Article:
North American jet teams converge on JFTB

Blue Angels, Thunderbirds and Snowbirds perform together for second time in history

Fighter jet in front of air traffic control tower.

Story and photos by Staff Sgt. Crystal Housman
California National Guard Public Affairs

Oct. 6, 2021

LOS ALAMITOS, Calif. – Nearly three dozen of the U.S. and Canadian military's showpiece aircraft filled the ramp at Los Alamitos Army Airfield, Sept. 30-Oct. 3, on Joint Forces Training Base, Los Alamitos, while staging to perform in the Pacific Airshow along the shore of nearby Huntington Beach.

"Today, the Pacific Airshow roars back into town welcoming not one, not two, but all three North American jet teams," said Kevin Elliott, the airshow's director, during a press conference on the airfield, Sept. 30.

Across the ramp, sun glistened from the canopies of the U.S. Navy Blue Angels' F/A-18E and the U.S. Air Force Thunderbirds' F-16 fighter jets, and the Canadian Forces Snowbirds' CT-114 jet trainers.

"If you add them up, it’s six Blues, six Thunderbirds, and nine Snowbirds. You have 21 jets for 2021," Elliott said. "We’re calling this year the 21 jet salute."

It is only the second time that all three teams have performed in the same airshow, Elliott said.

The lineup included four additional U.S. military aerial demonstration teams and two military parachute teams.

The U.S. Air Force F-35A Lightning II, U.S. Navy F-35C, and U.S. Marine Corps MV-22 Osprey, and U.S. Navy EA-18 Growler Legacy Flight demonstration teams also staged on the base for their performances.

“That flight line represents over two billion dollars in American ingenuity, technology, intelligence and skill," Elliott said looking out at the airfield ramp and its two runways, which are each more than a mile long.

Elliott lauded the installation and commended U.S. Army Brig. Gen. Michael Leeney, Cal Guard's senior garrison commander, for the support of base staff during the planning and preparation for this year's show.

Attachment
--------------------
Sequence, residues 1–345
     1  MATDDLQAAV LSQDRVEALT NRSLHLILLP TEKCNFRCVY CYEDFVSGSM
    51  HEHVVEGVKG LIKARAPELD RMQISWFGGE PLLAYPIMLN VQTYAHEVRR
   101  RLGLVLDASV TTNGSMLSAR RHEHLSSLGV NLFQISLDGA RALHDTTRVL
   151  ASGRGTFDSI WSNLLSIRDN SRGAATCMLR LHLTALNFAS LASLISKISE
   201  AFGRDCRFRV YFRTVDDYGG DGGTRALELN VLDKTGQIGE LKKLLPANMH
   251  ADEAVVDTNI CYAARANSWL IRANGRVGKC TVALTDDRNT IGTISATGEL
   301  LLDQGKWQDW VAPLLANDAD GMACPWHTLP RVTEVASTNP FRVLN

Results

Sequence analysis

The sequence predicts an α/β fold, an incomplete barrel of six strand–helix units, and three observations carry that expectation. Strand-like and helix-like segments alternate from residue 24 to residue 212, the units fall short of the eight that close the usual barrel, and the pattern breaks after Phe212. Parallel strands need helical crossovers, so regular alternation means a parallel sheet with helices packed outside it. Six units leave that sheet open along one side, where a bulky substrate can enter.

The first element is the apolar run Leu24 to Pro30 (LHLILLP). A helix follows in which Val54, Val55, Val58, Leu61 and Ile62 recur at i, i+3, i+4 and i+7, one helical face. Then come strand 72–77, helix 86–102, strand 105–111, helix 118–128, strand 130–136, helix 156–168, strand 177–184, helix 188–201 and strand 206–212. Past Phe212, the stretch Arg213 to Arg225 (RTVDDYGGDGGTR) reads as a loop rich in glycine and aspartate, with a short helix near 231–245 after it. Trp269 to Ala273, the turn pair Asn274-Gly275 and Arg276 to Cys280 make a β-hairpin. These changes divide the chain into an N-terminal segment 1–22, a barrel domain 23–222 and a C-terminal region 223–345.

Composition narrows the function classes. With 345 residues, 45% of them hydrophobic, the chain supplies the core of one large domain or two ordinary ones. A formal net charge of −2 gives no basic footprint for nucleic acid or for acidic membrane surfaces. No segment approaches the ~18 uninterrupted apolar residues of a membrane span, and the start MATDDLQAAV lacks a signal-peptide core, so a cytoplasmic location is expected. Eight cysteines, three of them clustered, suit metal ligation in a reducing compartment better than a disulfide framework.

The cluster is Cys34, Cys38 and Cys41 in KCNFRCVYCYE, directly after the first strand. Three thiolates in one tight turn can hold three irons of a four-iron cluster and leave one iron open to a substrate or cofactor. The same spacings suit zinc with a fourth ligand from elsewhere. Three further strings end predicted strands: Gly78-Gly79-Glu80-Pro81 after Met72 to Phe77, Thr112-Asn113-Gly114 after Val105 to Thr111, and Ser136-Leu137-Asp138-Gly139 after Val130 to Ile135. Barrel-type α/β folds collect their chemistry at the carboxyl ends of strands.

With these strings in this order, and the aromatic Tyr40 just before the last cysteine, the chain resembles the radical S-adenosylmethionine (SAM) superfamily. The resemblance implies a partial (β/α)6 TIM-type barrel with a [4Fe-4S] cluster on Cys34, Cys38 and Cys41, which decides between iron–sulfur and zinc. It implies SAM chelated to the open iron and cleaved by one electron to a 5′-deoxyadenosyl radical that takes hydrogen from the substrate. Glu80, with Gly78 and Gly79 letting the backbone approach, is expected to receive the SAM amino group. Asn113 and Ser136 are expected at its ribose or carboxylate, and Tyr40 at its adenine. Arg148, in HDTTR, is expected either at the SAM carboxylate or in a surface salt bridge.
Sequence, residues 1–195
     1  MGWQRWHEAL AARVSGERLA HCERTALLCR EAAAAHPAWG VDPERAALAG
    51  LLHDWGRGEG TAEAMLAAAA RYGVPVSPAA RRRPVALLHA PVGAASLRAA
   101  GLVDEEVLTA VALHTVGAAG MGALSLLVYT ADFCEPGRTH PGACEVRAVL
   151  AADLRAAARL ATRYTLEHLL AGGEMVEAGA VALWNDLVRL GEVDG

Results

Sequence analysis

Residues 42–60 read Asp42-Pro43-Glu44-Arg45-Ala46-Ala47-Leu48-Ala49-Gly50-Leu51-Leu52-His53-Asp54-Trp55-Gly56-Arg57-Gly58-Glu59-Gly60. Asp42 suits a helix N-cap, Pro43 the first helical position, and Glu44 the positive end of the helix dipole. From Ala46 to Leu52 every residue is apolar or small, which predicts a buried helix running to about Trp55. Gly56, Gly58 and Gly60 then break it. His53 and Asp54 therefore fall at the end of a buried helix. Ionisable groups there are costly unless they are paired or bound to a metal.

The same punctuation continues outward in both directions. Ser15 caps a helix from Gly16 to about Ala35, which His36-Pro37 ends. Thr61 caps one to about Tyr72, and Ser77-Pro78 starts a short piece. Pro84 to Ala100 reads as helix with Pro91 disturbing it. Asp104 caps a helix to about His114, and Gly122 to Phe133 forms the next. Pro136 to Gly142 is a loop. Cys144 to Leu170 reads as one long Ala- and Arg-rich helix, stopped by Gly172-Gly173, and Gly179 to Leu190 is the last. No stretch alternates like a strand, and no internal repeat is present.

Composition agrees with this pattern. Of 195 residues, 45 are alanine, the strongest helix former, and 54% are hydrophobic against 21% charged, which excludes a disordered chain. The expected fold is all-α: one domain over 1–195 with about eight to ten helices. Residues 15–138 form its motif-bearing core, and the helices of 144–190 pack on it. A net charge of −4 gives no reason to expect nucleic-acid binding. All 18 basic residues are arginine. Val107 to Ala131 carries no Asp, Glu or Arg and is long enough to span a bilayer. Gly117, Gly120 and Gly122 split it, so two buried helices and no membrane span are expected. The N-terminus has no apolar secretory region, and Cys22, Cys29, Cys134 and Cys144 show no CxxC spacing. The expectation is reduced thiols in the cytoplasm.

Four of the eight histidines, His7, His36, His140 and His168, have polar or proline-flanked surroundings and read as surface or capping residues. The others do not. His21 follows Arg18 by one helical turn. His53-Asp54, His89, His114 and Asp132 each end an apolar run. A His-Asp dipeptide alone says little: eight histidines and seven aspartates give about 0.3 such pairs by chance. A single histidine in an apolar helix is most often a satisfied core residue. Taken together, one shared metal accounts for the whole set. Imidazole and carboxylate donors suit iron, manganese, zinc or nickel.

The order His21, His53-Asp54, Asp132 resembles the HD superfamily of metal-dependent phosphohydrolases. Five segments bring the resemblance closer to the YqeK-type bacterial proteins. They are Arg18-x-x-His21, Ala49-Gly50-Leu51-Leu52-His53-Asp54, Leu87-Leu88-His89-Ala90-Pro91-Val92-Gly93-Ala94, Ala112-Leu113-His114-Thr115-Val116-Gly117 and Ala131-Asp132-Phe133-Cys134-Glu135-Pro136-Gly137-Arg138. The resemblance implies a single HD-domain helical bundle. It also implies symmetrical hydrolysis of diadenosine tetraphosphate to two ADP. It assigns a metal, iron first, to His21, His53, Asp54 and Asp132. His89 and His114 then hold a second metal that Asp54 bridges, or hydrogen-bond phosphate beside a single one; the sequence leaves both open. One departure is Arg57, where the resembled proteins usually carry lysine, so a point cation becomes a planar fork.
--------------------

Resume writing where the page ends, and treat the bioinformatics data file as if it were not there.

"This base is a true treasure of our community," Elliott said. "I know first hand."

Leeney addressed the crowd on behalf of the adjutant general.

"Two years ago we supported the show from JFTB with the military performers, as we’re doing this year, and then we all had a bit of a detour due to COVID last year," he said referring to the cancelled 2020 airshow.

"We’re very happy to once again provide the space needed for the execution of the show here at the base," Leeney said. "We’re extremely proud to support this endeavor and look forward to continuing successful support of this event in the foreseeable future."

After his remarks, Leeney led a short ceremony to administer the oath of enlistment to 21 new service members joining the U.S. Army, California Army National Guard, and California Air National Guard.

"We felt this would be an appropriate venue to recognize these new service members, and thank the show staff for supporting this," Leeney told the crowd. "We want to thank these new service members for choosing to commit to the country and their fellow citizens, especially during these challenging times."

Following the ceremony, members of the U.S. Army Golden Knights and U.S. Navy Leapfrogs demonstration teams parachuted onto the airfield to officially kick off the three-day airshow as demonstration teams began their practice flights from the base to the coast and back.

Performers continued their rehearsal flights on Friday, and on Saturday, an estimated 1.5 million people watched the airshow, event organizaers said in a statement citing confirmation from Huntington Beach public safety officials.

The event broke "every event attendance record in city's history," the statement said.

The airshow was cut short early Sunday morning as a 126,000 gallon oil spill three miles off the coast reached the Huntington Beach shore forcing city officials to close a large swath of its beaches and shorelines and cancel the show's final day.

"I think everyone understands that this cancellation was completely beyond our control," Elliott said. "We were all set for another record-breaking day when the call came in.”

Despite the public show and flight demonstrations being cancelled, the Thunderbirds continued their community engagement efforts and hosted a local scouting troop for a meet and greet Sunday afternoon on the base.

Originally founded in 1942 as Los Alamitos Naval Air Station, the airfield and base initially served to train Navy and Marine Corps pilots during World War II. It was transferred to the Army in the early 1970s and was later leased to the California Army National Guard, who manages it today.

Man speaks at podium.
People with their right hands up.
Two jets on flight line.
Two people lock legs while parachuting with two chutes.
Fighter jet takes off.
Jet formation.
Nine jet trainers taxi.
Teen talks to pilot.
Three Thunderbirds jets in formation.
People watch jets fly over a pier.
Jet with three vapor cones.